7 News Stories You Need To Know This Week

With less than two weeks of summer left, the world seems to be returning to a shattered version of how itself before March 2020. Mask mandates aren’t required but there are still many people that elect to wear masks. Jobs and schools are returning in-person, but the number of employees, teachers, and students aren’t returning, as they have all found alternatives. Great Britain still has a monarchy, but the queen is dead and now there is a king. As we’re all still trying to adjust to this new “normal,” here are seven news stories you might have missed along the way.

1. Legendary Newsman Bernard Shaw Dies

7 News Stories You Need To Know This Week
383493 01: CNN political anchorman Bernard Shaw announces his upcoming retirement from the network on November 10, 2000 in Atlanta, Ga. Shaw, a 20-year veteran of CNN, said he would leave the network early next year to write books and spend more time with his family. (Photo by Erik S. Lesser/Liaison)

On Wednesday, Bernard Shaw, the CNN anchor who was a network staple for more than 20 years, died at age 82. Shaw died of pneumonia unrelated to COVID-19, his family announced in an official statement.

Shaw was with CNN when it launched in 1980. He served as its first chief anchor.

Born on May 22, 1940, Shaw grew up in Chicago, and attended the University of Illinois at Chicago. Despite knowing that he wanted to pursue journalism, Shaw joined the Marines. He went on to work for CBS News and ABC News, reporting from Congress, the White House and Latin America.

CNN also noted that Shaw, was on the air as a Black man when other networks had white men as their lead anchors.

Shaw was the recipient of many awards for his journalism including the Edward R. Murrow Award for Lifetime Achievement Award in Broadcasting and was inducted into the Broadcasting & Cable Hall of Fame in 1999.

He retired in 2001.

Shaw is survived by his wife Linda and their two children, Amar Edgar and Anil Louise.

2. Shangela Reminds Everyone They’ll Never Be Glamour

Halleloo! Shangela Laquifa Wadley continues to wow as she will be the first drag queen performer and the first male celebrity contestant to be paired with a male professional dancer on ABC’s Dancing With The Stars.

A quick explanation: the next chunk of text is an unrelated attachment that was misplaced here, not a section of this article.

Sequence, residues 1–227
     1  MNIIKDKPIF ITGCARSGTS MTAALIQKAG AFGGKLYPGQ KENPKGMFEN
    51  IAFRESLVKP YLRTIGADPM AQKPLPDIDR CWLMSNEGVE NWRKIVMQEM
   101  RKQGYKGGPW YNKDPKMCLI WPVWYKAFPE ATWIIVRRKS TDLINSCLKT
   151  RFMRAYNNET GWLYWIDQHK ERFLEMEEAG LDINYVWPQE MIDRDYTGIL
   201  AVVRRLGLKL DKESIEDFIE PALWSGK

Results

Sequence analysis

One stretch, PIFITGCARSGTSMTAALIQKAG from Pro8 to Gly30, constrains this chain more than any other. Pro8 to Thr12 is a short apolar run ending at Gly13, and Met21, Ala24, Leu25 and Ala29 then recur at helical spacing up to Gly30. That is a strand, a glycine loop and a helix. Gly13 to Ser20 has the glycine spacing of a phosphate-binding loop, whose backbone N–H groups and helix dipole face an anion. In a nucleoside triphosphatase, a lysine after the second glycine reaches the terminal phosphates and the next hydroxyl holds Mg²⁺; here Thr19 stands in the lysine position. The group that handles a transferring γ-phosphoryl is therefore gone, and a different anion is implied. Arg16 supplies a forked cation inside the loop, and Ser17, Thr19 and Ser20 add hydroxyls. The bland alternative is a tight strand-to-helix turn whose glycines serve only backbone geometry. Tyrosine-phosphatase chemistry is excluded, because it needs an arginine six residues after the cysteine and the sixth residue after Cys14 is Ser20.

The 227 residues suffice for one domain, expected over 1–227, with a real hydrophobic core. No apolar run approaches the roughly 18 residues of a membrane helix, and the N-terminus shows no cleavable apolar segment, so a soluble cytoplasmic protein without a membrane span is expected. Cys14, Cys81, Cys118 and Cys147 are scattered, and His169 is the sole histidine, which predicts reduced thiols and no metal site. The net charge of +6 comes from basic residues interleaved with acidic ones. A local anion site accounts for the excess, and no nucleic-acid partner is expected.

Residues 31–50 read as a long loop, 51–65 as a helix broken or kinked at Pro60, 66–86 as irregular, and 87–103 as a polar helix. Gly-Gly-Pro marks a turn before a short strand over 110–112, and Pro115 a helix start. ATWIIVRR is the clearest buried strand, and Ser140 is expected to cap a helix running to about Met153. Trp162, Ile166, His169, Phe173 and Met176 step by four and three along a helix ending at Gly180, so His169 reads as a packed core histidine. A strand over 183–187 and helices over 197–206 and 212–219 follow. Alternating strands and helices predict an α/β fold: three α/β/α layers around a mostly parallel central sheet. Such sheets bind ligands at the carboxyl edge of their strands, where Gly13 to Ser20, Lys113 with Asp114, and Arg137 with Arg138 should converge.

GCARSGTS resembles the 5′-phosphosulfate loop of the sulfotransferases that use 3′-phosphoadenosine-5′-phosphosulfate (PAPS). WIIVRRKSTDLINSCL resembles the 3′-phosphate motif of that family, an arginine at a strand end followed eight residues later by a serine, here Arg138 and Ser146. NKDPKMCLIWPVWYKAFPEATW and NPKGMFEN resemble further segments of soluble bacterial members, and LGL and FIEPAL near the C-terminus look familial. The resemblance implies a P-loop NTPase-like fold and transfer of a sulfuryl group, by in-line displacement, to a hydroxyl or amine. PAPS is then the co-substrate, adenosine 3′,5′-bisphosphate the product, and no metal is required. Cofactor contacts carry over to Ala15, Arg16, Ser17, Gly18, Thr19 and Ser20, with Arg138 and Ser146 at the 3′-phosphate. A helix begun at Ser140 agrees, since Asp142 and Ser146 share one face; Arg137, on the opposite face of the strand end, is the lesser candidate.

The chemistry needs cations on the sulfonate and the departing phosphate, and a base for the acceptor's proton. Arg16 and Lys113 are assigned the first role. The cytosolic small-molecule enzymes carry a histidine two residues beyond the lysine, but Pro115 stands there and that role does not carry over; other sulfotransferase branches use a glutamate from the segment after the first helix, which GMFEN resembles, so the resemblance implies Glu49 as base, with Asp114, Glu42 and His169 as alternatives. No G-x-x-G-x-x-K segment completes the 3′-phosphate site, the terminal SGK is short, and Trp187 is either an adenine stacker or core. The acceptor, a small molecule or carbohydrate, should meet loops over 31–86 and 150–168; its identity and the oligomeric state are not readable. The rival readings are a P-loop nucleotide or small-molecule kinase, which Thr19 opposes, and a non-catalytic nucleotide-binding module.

Before Shangela, born D.J. Pierce, 40, was a standout in the film, A Star Is Born, HBO’s We’re Here, and before she delivered that outstanding medley performance at the GLAAD Media Awards in front of Beyoncé in 2019, she was the tenacious drag queen with a heart of gold on RuPaul’s Drag Race 2 and 3, RuPaul’s Drag Race: All-Stars seasons 2 and 3, and RuPaul’s Drag Race Holi-slay Spectacular.  

Now, the singer and performer will join the likes Cheryl Ladd, Selma Blair, Jordin Sparks, RHONJ star, Teresa Giudice, and Jersey Shore star Vinny Guadagnino, on the ballroom dance reality competition set to kicks off its 31st season Sept. 19. Viewers can catch the first stream live on Disney+ (8 EDT/5 PDT).

Hopeful, Shangela can take home the crown and not be robbed like she was on All-Stars 3. All tea, all shade.

Here’s a refresher of what Shangela will likely bring to the upcoming DWTS season. (Beyonce’ was impressed.)

Article continues after video.

3. Skepta Auctions His Debut Painting

Nigerian-British musician Skepta is exemplifying what it means to be an artist. The “Insomnia” grime rapper took a break from the recording studio and headed to a different studio to paint. According to a press release, Skepta, born Joseph Olaitan Adenuga Jr. has guest curated a section of the upcoming “Contemporary Curated” sale, a Sotheby’s initiative and debuted an original work called “Mama Goes to Market.” It is his first painting and was created during the Covid-19 lockdown in 2020.

In the press release, Skepta said, “My mum used to carry me just as the woman in my painting carries her child. I always planned to include these four figures: a young boy, two women engrossed in conversation, and another lady rationing rice into a bowl besides baskets brimming with fruit and veg. I designed their clothes too— ‘Nigerian Couture’,” he added.

Sotherby’s collaboration with Skepta includes works by other artists that he selected. The exhibit includes spray-painted pieces by Chito and Slawn, as well as a surreal portrait by Lynette Yiadom-Boakye, collage work by Outtara Watts and a densely textured Abstract Expressionist painting by Frank Bowling.

“I chose these pieces because, to me, they all had an African feeling about them. Whether they were created by African artists or not, they all share in this essence. In one way or another, they triggered powerful dialogues with my painting too,” said Skepta in the press release.

The exhibit will run from September 8-13 at Sotheby’s London. His painting is estimated to sell for £40,000-£60,000 ($46,000-$69,000). 

4. 3 White Bank Tellers Accuse A 71-Year-Old Black Woman Of Check Fraud

On Wednesday, a lawsuit revealed that three white employees at a Fifth Third Bank in Michigan would not process, and initially would not return, what they told a 71-year-old Black woman was a fraudulent check. According to the Detroit Free Press, Lizzie Pugh won an unspecified jackpot amount on a slot machine during a church outing at Soaring Eagle Casino and Resort in Mount Pleasant, Michigan, on April 9.  Pugh paid the jackpot taxes at the casino and left with a prize-money check. When she tried to open a savings account and deposit the check, just two days later, she was told it was fraudulent.